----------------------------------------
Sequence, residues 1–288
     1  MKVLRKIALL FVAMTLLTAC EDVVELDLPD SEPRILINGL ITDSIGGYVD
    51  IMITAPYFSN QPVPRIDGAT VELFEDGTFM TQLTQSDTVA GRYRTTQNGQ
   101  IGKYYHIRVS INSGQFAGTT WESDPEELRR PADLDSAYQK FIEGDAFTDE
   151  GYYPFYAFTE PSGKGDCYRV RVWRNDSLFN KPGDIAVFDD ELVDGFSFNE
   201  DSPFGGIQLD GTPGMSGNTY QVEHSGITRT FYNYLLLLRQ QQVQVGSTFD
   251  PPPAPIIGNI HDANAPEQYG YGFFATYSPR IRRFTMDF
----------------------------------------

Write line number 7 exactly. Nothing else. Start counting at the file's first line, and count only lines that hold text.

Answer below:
   251  PPPAPIIGNI HDANAPEQYG YGFFATYSPR IRRFTMDF